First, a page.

Facebook Gets Personal (And So Should Your Email Campaign!)
Consumers spend more of their online time on Facebook than on any other website. Social networking has always been personal and scheduled changes to Facebook profiles take the narcissistic focus to a whole new level. Profiles will turn into Timelines that chart a user’s lifetime achievements and milestones all the way back to their birth. It’s a new depth of personal.
Your customers already spend a lot of time on personalized social networking sites. And people trust recommendations from people over brands. What does this mean for your marketing? Well, the more personal you can make your brand, the better your email marketing campaign will resonate with your subscribers.
Personality is important, especially with the rise of mailbox filters and Hotmail’s new features that separate “graymail” from personal mail. How can you make the connection for subscribers to prioritize your messages?
We have two different approaches you might want to consider.
Connecting With People
One approach to making a personal connection in the inbox is to get interesting. That means getting interested in your subscribers and their likes and dislikes.
Seth Godin gives this advice for marketing to today’s more self-focused consumer: To be interesting you have to be interested. “It turns out that the best way to appear interesting to someone who cares a lot about himself is to be interested.”
Get to know your subscribers before you market to them. If email marketing is about the relationship, that relationship starts when your subscribers realize you’re interested in them, too. A recent Forbes article puts it this way:
“In addition to sharing your latest content and linking to info on your most recent event, have conversations. Don’t spam everyone with an automatic feed of your blog, or repeated entreaties to Please buy my latest product! Instead, engage actively with the community.”
That means getting to know your subscribers and letting them get to know you, too. The more you get to know your subscribers’ interests, the more interesting your brand becomes. And the more you know about your customers, the more you can connect with them on a personal level.
But that’s just one side of the coin. What about making your brand a person itself?
Presenting Your Brand As A Person
People use social networks – and to a large extent, email too – to connect with other people online. And when it comes to buying decisions, “people like buying from people.” That’s what often makes social proof tactics so effective – people want to hear from other people what makes a brand, product or mailing list so great.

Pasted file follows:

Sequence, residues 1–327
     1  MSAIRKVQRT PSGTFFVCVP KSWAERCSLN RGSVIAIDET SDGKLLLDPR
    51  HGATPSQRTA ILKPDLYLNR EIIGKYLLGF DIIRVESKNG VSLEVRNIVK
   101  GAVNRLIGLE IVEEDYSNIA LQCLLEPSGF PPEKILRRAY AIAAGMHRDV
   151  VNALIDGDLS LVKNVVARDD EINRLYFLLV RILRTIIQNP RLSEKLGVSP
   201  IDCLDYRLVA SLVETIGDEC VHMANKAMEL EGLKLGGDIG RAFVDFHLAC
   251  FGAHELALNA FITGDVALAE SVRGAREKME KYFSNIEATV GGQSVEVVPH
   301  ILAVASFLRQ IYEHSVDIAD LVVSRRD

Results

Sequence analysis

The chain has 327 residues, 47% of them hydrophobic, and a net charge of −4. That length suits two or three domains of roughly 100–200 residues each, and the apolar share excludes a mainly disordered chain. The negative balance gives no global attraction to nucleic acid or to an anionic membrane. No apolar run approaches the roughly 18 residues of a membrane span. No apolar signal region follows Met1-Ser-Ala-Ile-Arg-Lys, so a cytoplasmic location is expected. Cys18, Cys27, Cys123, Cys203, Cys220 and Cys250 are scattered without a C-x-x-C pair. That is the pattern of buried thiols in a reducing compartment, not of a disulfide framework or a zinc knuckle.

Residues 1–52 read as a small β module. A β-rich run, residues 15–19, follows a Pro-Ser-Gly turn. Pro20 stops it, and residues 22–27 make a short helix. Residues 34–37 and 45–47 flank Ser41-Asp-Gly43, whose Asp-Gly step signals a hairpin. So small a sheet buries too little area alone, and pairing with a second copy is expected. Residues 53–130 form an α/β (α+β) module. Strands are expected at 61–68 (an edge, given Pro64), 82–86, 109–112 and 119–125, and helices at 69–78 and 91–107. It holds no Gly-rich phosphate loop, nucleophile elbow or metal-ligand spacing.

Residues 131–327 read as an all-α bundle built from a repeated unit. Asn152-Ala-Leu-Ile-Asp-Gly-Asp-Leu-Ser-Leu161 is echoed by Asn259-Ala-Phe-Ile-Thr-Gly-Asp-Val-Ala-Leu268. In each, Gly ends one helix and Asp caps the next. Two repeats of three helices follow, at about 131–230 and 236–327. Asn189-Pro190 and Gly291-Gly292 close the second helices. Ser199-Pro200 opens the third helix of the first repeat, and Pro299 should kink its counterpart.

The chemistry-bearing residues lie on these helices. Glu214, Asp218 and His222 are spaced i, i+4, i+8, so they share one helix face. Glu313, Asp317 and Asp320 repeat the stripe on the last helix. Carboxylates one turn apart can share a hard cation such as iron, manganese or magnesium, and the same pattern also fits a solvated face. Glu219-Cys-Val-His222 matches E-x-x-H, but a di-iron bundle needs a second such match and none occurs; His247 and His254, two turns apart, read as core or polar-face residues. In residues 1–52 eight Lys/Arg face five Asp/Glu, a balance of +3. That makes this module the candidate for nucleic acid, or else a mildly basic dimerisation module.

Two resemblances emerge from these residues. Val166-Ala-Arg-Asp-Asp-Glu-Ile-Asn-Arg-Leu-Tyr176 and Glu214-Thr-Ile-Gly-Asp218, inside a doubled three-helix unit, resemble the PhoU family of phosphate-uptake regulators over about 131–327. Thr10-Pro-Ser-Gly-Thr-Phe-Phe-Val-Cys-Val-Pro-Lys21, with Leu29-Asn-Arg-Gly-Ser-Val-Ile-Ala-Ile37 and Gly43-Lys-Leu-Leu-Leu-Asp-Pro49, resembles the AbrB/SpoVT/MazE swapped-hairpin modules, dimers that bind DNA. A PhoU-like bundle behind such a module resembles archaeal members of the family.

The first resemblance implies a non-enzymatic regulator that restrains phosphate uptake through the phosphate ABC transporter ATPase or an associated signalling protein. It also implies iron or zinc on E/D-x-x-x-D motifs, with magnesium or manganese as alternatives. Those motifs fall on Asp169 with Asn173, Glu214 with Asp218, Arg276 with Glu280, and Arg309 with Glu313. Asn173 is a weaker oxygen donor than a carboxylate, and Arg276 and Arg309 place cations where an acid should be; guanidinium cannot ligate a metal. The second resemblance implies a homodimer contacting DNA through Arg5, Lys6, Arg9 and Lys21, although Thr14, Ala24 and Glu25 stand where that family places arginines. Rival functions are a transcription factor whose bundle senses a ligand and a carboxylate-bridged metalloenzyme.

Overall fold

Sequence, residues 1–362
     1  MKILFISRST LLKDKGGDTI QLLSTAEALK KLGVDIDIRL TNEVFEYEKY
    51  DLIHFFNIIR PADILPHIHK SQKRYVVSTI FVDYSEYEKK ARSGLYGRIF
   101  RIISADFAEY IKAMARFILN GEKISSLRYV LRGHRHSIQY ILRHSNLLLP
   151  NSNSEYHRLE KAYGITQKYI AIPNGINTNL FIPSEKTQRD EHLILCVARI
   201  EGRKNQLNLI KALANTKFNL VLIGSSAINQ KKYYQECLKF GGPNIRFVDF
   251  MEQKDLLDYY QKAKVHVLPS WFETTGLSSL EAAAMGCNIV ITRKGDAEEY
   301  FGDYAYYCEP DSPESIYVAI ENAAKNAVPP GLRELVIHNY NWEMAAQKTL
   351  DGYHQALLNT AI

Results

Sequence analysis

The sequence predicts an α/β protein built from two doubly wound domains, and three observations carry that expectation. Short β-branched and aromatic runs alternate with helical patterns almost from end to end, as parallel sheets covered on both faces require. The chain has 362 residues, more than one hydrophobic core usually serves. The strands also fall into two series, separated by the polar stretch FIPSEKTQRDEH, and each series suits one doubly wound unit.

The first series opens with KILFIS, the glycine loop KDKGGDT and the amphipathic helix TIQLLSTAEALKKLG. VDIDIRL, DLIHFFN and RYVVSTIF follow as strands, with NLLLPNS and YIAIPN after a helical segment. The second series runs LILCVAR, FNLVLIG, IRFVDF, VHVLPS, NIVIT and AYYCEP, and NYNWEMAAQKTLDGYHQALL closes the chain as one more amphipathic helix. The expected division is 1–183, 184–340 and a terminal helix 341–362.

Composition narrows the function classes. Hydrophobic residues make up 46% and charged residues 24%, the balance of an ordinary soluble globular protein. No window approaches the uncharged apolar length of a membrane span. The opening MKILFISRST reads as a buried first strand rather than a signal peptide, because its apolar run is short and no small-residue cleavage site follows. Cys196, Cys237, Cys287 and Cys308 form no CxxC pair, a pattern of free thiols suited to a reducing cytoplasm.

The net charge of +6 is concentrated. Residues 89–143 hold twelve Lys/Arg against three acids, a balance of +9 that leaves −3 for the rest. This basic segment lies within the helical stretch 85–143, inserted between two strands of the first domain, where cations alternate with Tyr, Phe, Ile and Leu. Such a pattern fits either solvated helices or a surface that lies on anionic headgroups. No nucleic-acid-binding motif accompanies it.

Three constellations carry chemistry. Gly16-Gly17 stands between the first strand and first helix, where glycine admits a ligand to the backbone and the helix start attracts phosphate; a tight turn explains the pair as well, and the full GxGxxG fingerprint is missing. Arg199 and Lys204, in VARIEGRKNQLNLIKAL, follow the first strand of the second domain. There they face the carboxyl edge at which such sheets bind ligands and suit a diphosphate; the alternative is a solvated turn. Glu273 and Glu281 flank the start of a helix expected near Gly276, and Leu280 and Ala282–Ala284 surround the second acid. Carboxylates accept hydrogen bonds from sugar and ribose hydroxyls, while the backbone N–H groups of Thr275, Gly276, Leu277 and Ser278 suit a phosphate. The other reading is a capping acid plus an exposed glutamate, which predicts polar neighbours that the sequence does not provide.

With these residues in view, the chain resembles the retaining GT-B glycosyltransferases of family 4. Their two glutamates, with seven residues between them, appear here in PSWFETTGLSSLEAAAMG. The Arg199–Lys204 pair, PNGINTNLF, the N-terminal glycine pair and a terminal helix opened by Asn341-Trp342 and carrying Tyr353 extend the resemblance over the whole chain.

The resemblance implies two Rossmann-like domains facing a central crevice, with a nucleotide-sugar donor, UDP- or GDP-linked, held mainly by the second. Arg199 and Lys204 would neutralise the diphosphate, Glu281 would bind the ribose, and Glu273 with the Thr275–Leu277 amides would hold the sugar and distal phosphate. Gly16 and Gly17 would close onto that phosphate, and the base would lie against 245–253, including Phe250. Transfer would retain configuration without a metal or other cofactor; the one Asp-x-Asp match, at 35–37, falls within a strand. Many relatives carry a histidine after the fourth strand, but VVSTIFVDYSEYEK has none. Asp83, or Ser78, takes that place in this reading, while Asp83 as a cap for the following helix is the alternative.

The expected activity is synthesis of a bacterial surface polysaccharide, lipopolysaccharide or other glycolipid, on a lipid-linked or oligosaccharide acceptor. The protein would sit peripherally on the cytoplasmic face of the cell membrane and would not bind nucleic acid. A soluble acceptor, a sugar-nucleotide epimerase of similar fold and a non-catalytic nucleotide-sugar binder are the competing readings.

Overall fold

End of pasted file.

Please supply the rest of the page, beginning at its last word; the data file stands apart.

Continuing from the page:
The flip side to getting personal is creating a brand personality. Personality gives your brand credibility. Your company isn’t some abstract entity, it’s made up of people with likes and dislikes, interests and goals. Giving your brand personality means drawing out the human aspect.
So what does a human brand look like? It’s all in the personality, which is all in the presentation. No Man Is An Iland defines it simply as “anything that distinguishes [your] email from the mediocre.” Using a human tone in your emails can lift your messages from ordinary sales pitch to personal conversation.
I like this email from Modcloth, an online retailer. Their subject line draws me in like a juicy tip from a best friend:
Unlike the following blog broadcast, which is thin on both information and personality:
Another take-away from this example: Stay away from using a “noreply@” address like the brand above if you’re trying to establish personality. (This dentist also uses “noreply” as his From name – an even bigger no-no!) Real people have real email addresses. Using a do-not-rely address hurts your brand’s credibility when you’re trying to make a human connection.
The main points to focus on here are to keep your brand approachable and focus on the people who make up your brand. Include tips or personal insights from your employees for a personal touch, and talk to your subscribers like you’re a person, too.
What’s Your Brand Personality?
Which approach do you take when it comes to getting personal?
Do you make a connection by focusing on your subscribers or do you make your brand sound human? Maybe a mix of both?
What kind of personality techniques have worked for you?Print This Post
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